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Wednesday, June 19, 2013
St. Juliana Falconieri

Today Holy Mother Church remembers St. Juliana Falconieri.  St. Juliana was the foundress of the Religious Sisters of the Third Order of Servites (or the Servite Tertiaries).

She was born the only child of a wealthy Florentine noble family of Chiarissimo and Riguirdata Falconieri.  She is the niece of Saint Alexis Falconieri. Her father died while Juliana was very young, and her saintly uncle Alexis had a great influence on her. Her life was plagued with chronic gastric problems.

Legend says she never gazed into a mirror, never looked at a man’s face, trembled at the mention of sin, and fainted upon hearing scandalous gossip. Juliana refused an arranged marriage at age 14. She became a Servite tertiary in 1285, taking the habit from her spiritual director, Saint Philip Benizi.  She helped form, and served as first superior of the Servite Order of Mary (Servite Nuns, the Mantellate Servites), which was formally established in 1304, and their first convent founded in 1305.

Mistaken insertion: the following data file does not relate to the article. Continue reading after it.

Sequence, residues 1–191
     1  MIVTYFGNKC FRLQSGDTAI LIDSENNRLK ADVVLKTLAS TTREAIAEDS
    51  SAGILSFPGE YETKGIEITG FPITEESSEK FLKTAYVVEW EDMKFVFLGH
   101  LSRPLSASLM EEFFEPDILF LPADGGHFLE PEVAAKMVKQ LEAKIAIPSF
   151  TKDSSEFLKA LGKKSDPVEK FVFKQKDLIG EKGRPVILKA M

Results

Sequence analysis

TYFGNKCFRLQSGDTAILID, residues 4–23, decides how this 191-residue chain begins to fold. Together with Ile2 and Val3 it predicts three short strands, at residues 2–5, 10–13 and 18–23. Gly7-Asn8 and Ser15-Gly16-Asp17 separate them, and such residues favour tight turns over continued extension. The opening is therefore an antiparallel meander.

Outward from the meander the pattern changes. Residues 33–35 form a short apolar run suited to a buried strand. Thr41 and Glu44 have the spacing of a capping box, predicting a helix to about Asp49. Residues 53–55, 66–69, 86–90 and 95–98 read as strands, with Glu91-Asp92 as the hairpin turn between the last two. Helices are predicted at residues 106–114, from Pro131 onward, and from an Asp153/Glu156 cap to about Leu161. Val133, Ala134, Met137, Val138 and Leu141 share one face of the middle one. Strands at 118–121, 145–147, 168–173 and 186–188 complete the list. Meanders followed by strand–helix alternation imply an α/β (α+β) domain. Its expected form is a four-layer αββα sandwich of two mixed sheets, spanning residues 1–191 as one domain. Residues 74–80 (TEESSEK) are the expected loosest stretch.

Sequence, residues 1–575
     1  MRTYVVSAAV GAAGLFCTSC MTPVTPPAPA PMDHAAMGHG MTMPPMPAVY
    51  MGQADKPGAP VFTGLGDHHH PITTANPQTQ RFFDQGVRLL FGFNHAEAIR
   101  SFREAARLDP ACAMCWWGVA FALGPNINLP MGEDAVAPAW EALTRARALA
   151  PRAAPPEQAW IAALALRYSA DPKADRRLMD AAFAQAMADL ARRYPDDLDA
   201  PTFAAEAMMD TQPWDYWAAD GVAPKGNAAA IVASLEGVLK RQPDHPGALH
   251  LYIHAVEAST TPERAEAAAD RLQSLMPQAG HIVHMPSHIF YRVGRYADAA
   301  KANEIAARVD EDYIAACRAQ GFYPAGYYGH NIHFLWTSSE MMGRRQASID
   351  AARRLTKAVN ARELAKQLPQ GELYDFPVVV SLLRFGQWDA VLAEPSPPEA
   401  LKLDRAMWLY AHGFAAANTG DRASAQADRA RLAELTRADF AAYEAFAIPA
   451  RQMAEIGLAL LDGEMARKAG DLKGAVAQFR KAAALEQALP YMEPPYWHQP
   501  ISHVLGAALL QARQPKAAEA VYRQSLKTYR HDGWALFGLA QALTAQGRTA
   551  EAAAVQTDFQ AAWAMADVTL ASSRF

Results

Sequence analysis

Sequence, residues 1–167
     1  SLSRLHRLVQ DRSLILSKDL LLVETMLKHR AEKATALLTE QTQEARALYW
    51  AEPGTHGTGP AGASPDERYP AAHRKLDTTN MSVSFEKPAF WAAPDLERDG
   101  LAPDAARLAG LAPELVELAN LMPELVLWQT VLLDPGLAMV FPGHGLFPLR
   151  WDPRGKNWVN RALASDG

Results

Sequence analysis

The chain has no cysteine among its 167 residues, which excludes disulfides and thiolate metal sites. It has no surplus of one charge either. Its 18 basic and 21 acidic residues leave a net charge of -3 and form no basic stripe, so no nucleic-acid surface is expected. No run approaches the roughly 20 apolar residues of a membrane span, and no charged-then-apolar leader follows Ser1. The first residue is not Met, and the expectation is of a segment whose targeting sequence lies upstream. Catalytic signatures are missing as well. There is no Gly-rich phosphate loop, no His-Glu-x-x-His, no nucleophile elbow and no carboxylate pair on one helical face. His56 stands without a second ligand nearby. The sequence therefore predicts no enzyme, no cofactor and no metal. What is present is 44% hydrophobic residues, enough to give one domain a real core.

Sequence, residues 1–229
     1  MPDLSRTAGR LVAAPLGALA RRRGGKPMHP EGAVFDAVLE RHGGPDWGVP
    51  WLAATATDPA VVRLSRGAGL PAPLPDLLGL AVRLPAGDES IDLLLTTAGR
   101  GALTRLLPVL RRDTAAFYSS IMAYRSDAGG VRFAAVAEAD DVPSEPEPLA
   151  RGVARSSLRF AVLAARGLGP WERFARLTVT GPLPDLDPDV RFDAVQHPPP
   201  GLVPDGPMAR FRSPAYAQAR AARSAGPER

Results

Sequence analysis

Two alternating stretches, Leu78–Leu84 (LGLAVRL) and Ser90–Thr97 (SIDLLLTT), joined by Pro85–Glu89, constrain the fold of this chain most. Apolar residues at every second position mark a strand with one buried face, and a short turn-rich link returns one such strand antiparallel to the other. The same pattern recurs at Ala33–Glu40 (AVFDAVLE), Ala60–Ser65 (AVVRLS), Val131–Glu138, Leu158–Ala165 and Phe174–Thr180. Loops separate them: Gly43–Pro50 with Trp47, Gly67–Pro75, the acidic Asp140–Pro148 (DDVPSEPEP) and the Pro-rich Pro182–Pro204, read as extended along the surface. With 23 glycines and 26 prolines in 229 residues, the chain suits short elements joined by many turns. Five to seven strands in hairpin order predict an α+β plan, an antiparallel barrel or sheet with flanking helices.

At her death, unable to receive Holy Communion because of constant vomiting, she requested the priest to spread a corporal upon her breast and lay the Host on it. Soon after, the Host disappeared, Juliana died, and the image of the cross that had been on the Host was found on her breast.

The Servite Order was approved by Pope Martin V in the year 1420. Pope Benedict XIII recognized the devotion long paid to her and granted the Servites permission to celebrate the feast of the Blessed Juliana. Pope Clement XII canonized her in the year 1737, and extended the celebration of her feast day (June 19) to the entire Church


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